Using a spate of prohibition-related organized crime violence as a backdrop, the Dutch justice minister and the mayors of five southern Dutch cities said late last week that they will move quickly to implement a number of restrictions on the area’s cannabis coffee shops, including a “members only” pass system designed to keep foreigners out. But critics said such a move would only increase crime and lessen public order.
After five violent incidents in Eindhoven in recent weeks, the mayors called on Justice Minister Ivo Opstelten to get involved, saying their police forces did not have the manpower to “end the drug war in the south of the country,” according to Die Telegraaf. After a Thursday night “emergency meeting,” the mayors and the minister said they would send in detectives from the national police to fight the violence, and that they would shut down some cafes, use tax and accounting laws to seize criminal assets, and institute a pass system.
The rightist national government wants to institute the pass system nationwide, so its implementation in the south could be viewed as a pilot program for the rest of the country. But it could run into a bump in the road in Brussels. A court case questioning whether barring European Union citizens from Dutch coffee shops constitutes discrimination will be heard next week.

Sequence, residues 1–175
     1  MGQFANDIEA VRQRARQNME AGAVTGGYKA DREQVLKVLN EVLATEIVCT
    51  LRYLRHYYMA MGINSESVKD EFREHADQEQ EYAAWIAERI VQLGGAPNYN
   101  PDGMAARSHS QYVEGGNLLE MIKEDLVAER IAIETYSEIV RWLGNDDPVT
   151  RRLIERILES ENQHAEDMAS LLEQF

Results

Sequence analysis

Tilburg University researcher Nicole Maalste told the newspaper Trouw Monday that creating a pass system that bars foreigners from the coffee shops would not reduce violence, but increase it. Tourists who want to buy drugs will simply go to the street dealers to buy them, and many Dutch nationals do not want to be registered marijuana users, she said.
“Which problem do we want to solve with the pass?” she asked. “Eindhoven does not have a problem with drugs tourism.”
The coffee shops aren’t just lying down, either, said cannabis café representative Nol van Shaik in an email to supporters. “The coffee shops of the cities involved in this scheme have spoken out against the pass and its consequences,” he said. “Some of the mayors in the area are in favor of the pass, but half them are against it. There is a lot of criticism from opposition politicians and drug experts,” van Shaik noted.
The criminality that would supposedly be reduced by the Weedpass has nothing to do with the cannabis cafes, van Shaik continued. “It is organized international gangs involved with Ecstasy,” he said.
Van Shaik added that he did not expect the pass system to be implemented unless—and until—the discrimination case before the European Court of Justice is decided several months down the road. “As long as there is no verdict in this particular case, the Weedpass cannot be imposed upon us,” he said.
By Phillip Smith